US House takes on Big Oil
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The industry receives federal largesse beyond tax breaks and relief from royalty payments. Add in research and development subsidies and accounting breaks and the total looks more like $6 billion a year for the next five years, according to a Friends of the Earth tally of JCT data.Skip to next paragraph
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Other economists say the industry's federal subsidies are far higher. They average about $39 billion annually if items such as defense of oil lanes in the Persian Gulf, guarding domestic infrastructure like the Alaska Pipeline, and paying to maintain the nation's Strategic Petroleum Reserve are also included, says Doug Koplow, founder of Earth Track, a Boston consulting firm that analyzes natural-resource subsidies.
"There probably is a public interest in government involvement in maintaining security of supply and reducing price, but those costs should be borne by oil markets and not by taxpayers," he argues.
The strategic reserve, for instance, stores about a two-month supply of oil for the nation in salt domes in Louisiana and Texas. Maintaining it costs the nation an average $2 billion or so a year, Mr. Koplow says. Guarding Middle East oil lanes averages about $19 billion a year, he found, which doesn't include the recent surge in spending because of the Iraq war.
If Congress were to cut $1.4 billion a year in subsidies, as House Democrats urge, the industry would still get more than $37 billion a year from government coffers, according to this analysis, four times the amount spent on the nuclear industry and six times the amount spent on ethanol.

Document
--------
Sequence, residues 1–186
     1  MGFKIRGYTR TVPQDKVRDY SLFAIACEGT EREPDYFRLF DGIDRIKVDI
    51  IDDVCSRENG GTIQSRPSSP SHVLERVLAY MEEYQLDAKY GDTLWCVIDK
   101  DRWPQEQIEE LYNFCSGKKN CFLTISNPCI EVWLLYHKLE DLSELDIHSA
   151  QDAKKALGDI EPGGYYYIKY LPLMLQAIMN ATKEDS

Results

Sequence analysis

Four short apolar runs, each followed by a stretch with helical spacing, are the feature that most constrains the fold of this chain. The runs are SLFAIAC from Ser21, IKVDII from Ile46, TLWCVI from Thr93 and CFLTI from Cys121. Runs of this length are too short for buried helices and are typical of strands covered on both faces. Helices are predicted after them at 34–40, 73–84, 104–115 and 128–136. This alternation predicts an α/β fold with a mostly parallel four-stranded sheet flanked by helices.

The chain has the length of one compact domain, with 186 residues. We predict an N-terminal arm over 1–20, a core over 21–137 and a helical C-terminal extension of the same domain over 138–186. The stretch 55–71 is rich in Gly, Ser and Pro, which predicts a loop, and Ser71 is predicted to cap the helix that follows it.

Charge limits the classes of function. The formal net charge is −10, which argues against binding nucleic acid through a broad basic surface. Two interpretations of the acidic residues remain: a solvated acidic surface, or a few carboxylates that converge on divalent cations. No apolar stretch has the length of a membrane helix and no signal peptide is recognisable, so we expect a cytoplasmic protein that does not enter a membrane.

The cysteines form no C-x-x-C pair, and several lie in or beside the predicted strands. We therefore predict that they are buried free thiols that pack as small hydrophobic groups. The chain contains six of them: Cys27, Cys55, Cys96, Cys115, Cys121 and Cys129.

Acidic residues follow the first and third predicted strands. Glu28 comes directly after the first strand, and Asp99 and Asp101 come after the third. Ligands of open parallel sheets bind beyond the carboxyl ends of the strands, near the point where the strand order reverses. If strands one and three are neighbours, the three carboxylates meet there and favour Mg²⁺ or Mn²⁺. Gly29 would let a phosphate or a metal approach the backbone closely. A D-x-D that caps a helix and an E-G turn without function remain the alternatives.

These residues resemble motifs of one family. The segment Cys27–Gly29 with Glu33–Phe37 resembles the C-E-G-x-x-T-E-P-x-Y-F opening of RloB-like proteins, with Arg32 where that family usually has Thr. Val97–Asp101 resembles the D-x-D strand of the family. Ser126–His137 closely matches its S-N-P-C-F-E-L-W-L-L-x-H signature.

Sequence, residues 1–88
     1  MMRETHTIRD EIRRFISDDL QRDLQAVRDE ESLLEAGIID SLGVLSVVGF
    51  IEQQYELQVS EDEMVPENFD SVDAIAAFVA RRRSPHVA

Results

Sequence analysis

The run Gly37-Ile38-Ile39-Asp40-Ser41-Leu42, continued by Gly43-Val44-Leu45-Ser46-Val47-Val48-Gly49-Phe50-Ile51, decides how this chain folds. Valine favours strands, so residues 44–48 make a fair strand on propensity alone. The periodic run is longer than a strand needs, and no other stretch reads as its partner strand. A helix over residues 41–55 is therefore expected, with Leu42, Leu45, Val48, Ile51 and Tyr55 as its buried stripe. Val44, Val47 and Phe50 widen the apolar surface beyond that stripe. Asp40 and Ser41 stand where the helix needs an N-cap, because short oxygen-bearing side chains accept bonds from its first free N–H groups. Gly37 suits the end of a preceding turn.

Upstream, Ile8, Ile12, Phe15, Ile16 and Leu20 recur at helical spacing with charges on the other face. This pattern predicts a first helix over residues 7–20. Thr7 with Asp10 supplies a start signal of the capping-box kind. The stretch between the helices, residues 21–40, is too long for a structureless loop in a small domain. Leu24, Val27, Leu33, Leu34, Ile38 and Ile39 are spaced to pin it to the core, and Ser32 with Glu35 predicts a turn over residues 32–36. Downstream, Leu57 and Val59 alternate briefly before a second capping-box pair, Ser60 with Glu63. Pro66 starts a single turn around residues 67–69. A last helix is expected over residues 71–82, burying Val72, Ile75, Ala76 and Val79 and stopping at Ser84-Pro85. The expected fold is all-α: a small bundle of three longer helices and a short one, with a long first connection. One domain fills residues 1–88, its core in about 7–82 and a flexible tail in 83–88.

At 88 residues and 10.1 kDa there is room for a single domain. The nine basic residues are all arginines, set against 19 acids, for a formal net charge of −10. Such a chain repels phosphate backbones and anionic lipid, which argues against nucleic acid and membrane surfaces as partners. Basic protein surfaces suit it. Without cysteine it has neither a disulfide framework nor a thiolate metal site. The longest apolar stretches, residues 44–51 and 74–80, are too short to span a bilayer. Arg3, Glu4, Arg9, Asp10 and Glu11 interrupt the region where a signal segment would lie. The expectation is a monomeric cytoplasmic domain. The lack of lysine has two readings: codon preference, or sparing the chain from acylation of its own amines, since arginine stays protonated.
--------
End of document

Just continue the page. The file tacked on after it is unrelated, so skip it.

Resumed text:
Others dispute such analyses.
"It just depends on how you want to define a subsidy," says Jerry Taylor, a senior fellow at the Cato Institute, a conservative Washington think tank. "A lot of these oil companies pay more in taxes to the government than they pay to stockholders. The argument they're being given preferential tax treatment is a myth."
Mr. Kibbe, the oil industry official, says Koplow's analysis raises the question of "where you draw a line. Does that mean every mile of road we put in is a benefit to the car companies?"
Of course, renewable-energy industries also get government help, with ethanol receiving half the subsidies, Koplow estimates. Roughly half of that largesse comes in the form of a tax credit worth 51 cents per gallon to ethanol producers. Overall, ethanol subsidies in 2006 were about $6 billion a year using Koplow's broader definition, which includes federal tariffs, renewable fuel standards, and other factors.
Here, too, energy subsidies distort markets and are a negative for taxpayers and the economy, he argues.
"Right now Congress is giving billions to ethanol, biodiesel, and the nuclear industry," Koplow says. "There may end up being a positive impact on climate change from these. But it may not be the quickest, or the cheapest, way to deal with the problem."
Leading Democrats in the House want to use the $14 billion from the oil and gas industry to create a strategic energy- efficiency and renewables reserve to accelerate the use of renewable energy. They also want to promote the use of energy-efficient products and boost research and development for renewable fuels.
"What the Democrats are doing is a great down payment, shifting these oil and gas giveaways over to renewable energy and conservation," says Erich Pica, domestic program director for Friends of the Earth. "But there's still more to be done."